Law and Society | L4375
The legal profession is usually treated by the academy as a unitary profession. However, the reality of the world of lawyers depends heavily on the nature of one's practice. This course adopts an overview of the historical, economic, and sociological factors that have shaped and continue to shape the modern legal marketplace. The central focus is the law firm as a business organization. A recurring theme throughout the course is the tension between the ideal of the lawyer as a trusted autonomous professional and an emerging business environment that increasingly treats legal services as a commodity input.
The framework for this course is derived from Heinz and Laumann's study of Chicago lawyers. The core principle underlying Heinz and Laumann's work is that a lawyer's social, professional, and economic interests are primarily defined by the type of clients a lawyer services. In this class students focus on three hemispheres of practice: 1) lawyers who serve organizational clients, such as corporations, institutions, and labor unions; 2) lawyers that provide personal services to individuals and small businesses; and 3) trial lawyers, the class action bar, and "cause" or public interest lawyers.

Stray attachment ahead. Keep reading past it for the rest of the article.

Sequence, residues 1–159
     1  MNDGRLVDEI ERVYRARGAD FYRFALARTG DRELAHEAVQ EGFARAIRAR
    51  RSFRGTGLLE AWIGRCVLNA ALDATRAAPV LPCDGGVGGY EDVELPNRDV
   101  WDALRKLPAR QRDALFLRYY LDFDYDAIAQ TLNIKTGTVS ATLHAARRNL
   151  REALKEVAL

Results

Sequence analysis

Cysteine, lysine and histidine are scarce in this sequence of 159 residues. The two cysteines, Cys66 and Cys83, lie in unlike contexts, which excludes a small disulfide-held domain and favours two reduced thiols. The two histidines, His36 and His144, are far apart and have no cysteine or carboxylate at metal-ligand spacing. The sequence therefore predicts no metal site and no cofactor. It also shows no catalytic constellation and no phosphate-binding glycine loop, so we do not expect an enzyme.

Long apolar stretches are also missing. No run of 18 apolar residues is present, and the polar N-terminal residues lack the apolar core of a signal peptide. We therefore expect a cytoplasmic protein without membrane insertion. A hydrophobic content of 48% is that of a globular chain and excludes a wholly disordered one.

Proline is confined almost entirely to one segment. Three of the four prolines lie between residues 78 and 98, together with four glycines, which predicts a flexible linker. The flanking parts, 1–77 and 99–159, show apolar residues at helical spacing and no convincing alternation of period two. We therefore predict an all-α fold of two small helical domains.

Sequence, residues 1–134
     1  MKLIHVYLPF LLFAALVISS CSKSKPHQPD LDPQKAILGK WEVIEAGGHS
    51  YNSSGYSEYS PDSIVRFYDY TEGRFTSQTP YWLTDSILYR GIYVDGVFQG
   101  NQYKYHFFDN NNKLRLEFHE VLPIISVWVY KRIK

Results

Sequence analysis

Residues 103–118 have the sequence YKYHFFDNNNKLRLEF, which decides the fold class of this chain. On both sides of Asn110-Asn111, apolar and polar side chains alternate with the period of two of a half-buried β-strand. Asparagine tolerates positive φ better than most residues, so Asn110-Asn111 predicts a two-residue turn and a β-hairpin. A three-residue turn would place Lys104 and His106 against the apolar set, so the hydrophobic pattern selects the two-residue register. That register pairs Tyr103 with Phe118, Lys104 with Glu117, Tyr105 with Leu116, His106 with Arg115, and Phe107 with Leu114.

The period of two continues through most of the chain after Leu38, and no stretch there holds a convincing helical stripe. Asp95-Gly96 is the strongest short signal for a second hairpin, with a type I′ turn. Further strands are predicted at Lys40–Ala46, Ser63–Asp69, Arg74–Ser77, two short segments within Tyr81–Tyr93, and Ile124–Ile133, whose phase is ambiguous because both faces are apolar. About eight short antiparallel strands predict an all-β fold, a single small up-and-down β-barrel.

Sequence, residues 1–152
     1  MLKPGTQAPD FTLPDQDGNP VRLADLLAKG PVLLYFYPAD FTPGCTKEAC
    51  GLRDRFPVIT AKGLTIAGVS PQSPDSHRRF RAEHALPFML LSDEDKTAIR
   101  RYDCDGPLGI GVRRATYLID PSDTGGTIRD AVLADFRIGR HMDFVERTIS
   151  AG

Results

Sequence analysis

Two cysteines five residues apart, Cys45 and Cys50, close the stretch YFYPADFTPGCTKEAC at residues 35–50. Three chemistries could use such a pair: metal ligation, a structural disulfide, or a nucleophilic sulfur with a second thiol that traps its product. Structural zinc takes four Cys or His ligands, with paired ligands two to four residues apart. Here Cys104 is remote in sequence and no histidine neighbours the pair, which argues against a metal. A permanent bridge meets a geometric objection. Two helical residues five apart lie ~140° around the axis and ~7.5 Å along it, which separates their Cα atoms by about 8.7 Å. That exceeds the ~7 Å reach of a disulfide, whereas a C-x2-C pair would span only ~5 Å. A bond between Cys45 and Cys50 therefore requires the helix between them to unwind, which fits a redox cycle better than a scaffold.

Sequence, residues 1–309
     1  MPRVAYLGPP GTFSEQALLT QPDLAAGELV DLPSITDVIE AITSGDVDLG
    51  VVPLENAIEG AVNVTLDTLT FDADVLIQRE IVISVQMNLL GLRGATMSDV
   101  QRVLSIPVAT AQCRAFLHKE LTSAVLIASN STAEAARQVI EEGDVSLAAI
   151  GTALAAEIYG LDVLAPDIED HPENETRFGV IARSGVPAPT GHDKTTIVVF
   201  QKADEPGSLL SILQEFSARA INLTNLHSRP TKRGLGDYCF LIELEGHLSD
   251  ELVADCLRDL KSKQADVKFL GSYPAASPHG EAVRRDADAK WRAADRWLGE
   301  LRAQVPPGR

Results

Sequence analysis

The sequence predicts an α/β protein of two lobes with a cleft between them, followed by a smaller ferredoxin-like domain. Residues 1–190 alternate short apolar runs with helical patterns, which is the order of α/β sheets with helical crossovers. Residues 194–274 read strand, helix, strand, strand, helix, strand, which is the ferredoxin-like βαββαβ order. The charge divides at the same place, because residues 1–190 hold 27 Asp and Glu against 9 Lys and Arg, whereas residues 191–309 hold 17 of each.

Students spend approximately half of the course on readings that provide context for these three spheres. The focus of the remaining time is as follows.
(1) The inner-workings of law firms, including law firm culture, compensation structure, governance, and who makes partner; (2) Trends in the legal market place - including law firm compensation; increased competition, growth in law firm size, increase in women and minority lawyers in the profession, and anti-lawyer sentiments in popular culture; (3) We will ask how economic, social, and cultural trends affect lawyers' work.
Credit Hours: 3
ULW: This course does not satisfy the Upper Level Writing requirement (ULW)